Critics’ Picks

Tommy Malekoff, Exit Shelter 03, 2020, acrylic ink on muslin, 22 x 29 1/8''.

Tommy Malekoff, Exit Shelter 03, 2020, acrylic ink on muslin, 22 x 29 1/8''.


Tommy Malekoff

Via Carlo Boncompagni 44
February 4–March 27, 2021

French anthropologist Marc Augé coined the term non-lieu (non-place) to describe transient locations that somehow fail to acquire the status of “proper” places. Liminal, un-relational sites designed to serve a specific purpose, Augé’s non-places—airports, motorways, shopping malls, and other spaces of in-betweenness—are the geographical embodiment of “supermodernity,” a concept advanced, in a different idiom, by Rem Koolhas’s essay “Junkspace” (2002) and the “low-grade purgatory” he postulates as the byproduct of modernization.

For his first solo exhibition in Italy, Tommy Malekoff turns his almost-forensic eye to public non-places that, in their deliberate artificiality, inform the American vernacular. Installed in the gallery’s basement space, the two-channel, fifteen-minute video Desire Lines, 2019, offers a glimpse of surreal parking lot liturgy, where empty, concrete expanses become stages for instinctive performances of collectivity. A Statue of Liberty cosplayer juggles batons outside a strip mall; a prayer circle releases a string of rosary-shaped balloons up into the sky; tuned cars race and drift, screeching the asphalt; impromptu horse races and firework spectacles break the suburban tedium.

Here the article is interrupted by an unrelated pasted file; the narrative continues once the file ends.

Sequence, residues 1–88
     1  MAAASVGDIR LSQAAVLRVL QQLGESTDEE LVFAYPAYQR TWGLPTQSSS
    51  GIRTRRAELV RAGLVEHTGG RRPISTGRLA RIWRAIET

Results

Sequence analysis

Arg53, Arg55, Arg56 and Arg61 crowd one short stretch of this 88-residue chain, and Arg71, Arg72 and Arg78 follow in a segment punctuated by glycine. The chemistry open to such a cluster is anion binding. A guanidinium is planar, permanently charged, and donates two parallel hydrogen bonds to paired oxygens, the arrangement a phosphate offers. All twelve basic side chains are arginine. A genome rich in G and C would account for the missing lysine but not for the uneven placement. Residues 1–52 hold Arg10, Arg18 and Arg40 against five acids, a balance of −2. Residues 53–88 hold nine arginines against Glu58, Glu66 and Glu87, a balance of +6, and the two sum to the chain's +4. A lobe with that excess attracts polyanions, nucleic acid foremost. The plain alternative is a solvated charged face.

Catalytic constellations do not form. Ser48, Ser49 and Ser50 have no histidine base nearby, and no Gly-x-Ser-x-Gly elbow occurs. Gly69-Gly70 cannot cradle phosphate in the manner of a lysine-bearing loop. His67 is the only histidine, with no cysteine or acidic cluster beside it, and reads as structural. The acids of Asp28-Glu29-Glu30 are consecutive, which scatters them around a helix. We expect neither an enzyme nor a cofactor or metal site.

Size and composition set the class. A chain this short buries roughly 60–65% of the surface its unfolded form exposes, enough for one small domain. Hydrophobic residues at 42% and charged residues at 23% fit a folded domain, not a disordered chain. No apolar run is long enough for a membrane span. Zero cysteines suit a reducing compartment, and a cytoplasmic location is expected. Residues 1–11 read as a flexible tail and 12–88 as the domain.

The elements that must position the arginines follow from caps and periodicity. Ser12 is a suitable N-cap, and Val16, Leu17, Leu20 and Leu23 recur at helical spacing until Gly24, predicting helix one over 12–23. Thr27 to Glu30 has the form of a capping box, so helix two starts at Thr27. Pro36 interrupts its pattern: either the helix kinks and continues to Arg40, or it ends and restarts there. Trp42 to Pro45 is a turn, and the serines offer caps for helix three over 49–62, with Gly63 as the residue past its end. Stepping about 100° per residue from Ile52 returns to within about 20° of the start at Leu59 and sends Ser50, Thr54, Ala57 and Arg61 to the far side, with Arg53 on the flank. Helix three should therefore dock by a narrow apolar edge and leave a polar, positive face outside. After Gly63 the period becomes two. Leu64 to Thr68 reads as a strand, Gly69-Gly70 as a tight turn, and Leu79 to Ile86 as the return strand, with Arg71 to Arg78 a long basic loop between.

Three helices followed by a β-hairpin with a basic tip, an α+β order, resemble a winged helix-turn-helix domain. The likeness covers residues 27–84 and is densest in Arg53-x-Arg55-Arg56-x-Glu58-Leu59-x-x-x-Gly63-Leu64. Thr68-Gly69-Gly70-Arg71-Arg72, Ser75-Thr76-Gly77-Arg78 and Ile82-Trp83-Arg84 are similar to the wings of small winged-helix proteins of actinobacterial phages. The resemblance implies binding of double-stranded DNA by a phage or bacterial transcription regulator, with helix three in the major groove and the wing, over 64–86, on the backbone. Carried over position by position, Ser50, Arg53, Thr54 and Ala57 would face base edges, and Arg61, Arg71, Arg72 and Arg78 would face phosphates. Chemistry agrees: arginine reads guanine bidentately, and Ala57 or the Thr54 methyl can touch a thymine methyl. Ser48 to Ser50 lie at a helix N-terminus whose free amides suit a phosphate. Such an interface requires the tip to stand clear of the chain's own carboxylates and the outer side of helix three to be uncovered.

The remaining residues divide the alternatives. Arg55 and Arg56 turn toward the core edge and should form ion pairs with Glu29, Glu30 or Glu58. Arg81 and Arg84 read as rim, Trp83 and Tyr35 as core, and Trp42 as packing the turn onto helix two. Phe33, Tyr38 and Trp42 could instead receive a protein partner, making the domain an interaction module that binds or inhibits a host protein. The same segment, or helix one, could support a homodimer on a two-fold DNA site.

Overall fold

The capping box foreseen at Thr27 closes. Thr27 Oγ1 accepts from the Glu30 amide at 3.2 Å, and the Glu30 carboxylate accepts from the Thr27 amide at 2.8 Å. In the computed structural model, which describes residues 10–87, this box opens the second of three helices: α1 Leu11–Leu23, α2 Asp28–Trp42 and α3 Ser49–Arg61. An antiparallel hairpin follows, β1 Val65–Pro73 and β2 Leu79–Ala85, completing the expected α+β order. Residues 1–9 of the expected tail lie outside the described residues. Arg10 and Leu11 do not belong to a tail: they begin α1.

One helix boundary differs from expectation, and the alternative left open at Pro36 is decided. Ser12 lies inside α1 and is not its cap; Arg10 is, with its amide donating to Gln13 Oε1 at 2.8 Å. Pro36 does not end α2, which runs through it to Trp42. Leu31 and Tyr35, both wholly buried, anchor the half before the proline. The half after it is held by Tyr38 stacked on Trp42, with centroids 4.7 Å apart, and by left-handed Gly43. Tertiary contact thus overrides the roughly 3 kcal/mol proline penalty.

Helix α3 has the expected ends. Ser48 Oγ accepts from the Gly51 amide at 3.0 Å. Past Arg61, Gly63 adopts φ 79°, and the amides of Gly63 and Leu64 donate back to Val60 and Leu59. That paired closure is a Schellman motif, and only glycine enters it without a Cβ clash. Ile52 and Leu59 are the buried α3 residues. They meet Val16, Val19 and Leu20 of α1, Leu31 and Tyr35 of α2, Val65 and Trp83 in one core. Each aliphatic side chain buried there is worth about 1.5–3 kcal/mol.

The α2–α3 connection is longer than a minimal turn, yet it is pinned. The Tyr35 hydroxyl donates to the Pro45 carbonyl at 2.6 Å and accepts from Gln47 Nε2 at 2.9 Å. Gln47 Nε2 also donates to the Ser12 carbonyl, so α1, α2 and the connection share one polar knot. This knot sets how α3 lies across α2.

A series of nine acrylic silkscreens (“Exit Shelter,” 2020), shown on the gallery’s ground floor, maintains Malekoff’s psychogeographic approach to the uncanny architecture of banality. Here, we see highly-saturated nocturnal views of gas stations, convenience stores, and drive-thrus, made visible by their own artificial lights. Malekoff’s observational gaze captures the non-remarkability of such non-places, yet it acknowledges social function of these sites, seeking out the particularities and variations that confirm their potential uniqueness within the geography of nowhere.